Yes, Prog and its negative reactors. Even that's a development, though; as it used to be missed out altogether - with pithy televisual histories going from, say, Woodstock directly to the Pistols. Maybe one might be treated to five seconds footage of those lorries with 'Emerson', 'Lake' and 'Palmer' on the top, prompting one to mutter 'trio of t***s' to order. But, hell, I love lots of stuff from that era, even today.I even think it is infinitely more dangerous than Punk; indeed, in an Adorno / Debord sense, Prog seems successfully resistant to reification ... unlike Punk, that is, which has been thoroughly tamed by Capitalism and its historians. Even Greil Marcus' Lipstick Traces - admittedly a work of literary delusion - serves only to render Punk as a kind of 1970s neo-Dadaist recurring historical tantrum. I'm paraphrasing stuff I've thought about seriously for thirty years, but Punk's lapse into the safety-net of irony and moddish urban cool spelled an end of Modernity - progression, progress - in mainstream music. After Punk, one could just not be seen to be too serious, have too much technique, or be dealing with ideas. I think of that Buzzcocks solo - Shelly's one note, him staring defiantly into the camera. Thing is, like most of that brood, he was right there with his one note at the summit of his abilities. So, one was simultaneously seeing a cultural statement - valid, iconoclastic at the time - and a technical limitation which limited Shelley's options, in such away as to throw suspicion onto his action and to undermine it as a piece of political theatre. Worse, I think, is, now, when repeated, it's as bland and quaint as an ASDA commercial. Meanwhile, the exchanges between Patrick Moraz and Steve Howe during the instrumental sections of The Gates of Delirium... as dangerous and challenging as they were in the mid-70s. One could argue that overt technique means one is similarly limited - insofar as one is prompted to continuously demonstrate it. But the best musicians from Prog - here, I'd cite Fred Frith - deal with varieties of minimalism just as well as they deal with maximalism. Because of their application to progress, personal betterment and all that, they do this intentionally - is my key point; whereas Shelly, who has not improved one jot in over thirty years, plays in a limited fashion as a product of limitation itself. Personally, I can see no point being intentionally and artificially crap at something. That's not to say, I like the unmusical excesses of Steve Vie, Yngwie Malsteam (I had to Google spelling!) et al; I don't at all. At a push, I'd sooner listen to The Buzzcocks. In some sense, Prog went underground in about 1979. It went into stuff like Magazine, I think; into Killing Joke eventually; even more eventually, as you say, it emerged as Radiohead, as well as Godspeed You Black Emperor!, and so on. It also went into The New Wave of British Heavy Metal, and it became hideously retro - a kind of heritage industry - in awful s***e like Marrilion. I remember, for instance, the Yes of Drama - with Trevor Horn of The Buggles singing (an interesting clash of paradigms, worth discussion in its own right) - trying to sell that LP on the strength of its heaviness. In one sense, bringing The Buggles in was an amazingly iconoclastic, postmodern move. Pity the music was so poor. Other Proggers got into technology - justifiably as a way to make continued sense of the notion of progress, I'd argue; but, secretly, also to appear contemporary, relevant. This made for nightmarish technological indulgence; and, as technology does, immediately dates anything made between, say, 1982 and 1989. Again, I'm paraphrasing, but perhaps some sense of Prog-style progress returned with, of all things, Nirvana and the Grunge scene; and that, by-the-by as it morphed into a more diffuse 90s scene, made it ok-ish to be seen to care about progress again. Here, one gets Radiohead, Godspeed, Killing Joke's 'Extremities' LP. Of course, under the radar, things just went on as they did. Yet, just like The Beatles kind of killed off the Trad Jazz scene, Punk did make it impossible for Proggers to ply their trade. Serious if it's your livelihood. Thing is, I always get the sense that commentators like Reynolds - a journalist, not an historian, of course - are dressing up their journalism as history. True inquiry negates personal taste. But then that's idealism!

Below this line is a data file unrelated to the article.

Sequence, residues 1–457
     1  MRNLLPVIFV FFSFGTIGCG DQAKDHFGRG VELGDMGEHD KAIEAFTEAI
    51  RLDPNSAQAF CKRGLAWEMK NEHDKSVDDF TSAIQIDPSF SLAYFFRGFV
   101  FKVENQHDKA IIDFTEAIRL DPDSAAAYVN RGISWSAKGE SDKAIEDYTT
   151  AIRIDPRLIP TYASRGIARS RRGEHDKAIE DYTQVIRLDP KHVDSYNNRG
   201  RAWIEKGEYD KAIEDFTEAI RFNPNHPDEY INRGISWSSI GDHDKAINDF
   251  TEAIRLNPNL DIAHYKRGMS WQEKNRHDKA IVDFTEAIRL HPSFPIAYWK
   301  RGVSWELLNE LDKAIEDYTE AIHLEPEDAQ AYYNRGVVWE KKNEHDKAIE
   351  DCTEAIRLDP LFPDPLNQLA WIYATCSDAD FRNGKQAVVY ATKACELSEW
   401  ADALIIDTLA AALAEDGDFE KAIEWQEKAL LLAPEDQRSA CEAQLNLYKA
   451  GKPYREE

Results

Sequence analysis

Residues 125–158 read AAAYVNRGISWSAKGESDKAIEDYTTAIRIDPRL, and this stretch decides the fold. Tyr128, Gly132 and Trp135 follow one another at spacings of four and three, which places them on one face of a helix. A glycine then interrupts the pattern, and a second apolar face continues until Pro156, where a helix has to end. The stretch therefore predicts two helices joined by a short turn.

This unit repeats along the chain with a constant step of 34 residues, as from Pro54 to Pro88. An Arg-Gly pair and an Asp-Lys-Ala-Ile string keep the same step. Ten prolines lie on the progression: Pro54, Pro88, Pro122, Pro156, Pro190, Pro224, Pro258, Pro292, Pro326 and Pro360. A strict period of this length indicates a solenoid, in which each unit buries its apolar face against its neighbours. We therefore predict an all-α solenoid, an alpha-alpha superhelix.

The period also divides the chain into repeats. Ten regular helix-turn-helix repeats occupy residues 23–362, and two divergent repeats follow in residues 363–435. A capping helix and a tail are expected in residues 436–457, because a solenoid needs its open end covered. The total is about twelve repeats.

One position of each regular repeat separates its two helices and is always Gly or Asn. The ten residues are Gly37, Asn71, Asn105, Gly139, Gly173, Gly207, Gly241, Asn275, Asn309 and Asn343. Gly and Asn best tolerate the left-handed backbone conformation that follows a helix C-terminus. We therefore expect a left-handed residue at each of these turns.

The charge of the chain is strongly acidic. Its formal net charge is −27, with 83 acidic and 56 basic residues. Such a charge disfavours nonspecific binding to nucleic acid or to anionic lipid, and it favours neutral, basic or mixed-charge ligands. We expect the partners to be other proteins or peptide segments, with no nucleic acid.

Best wishes,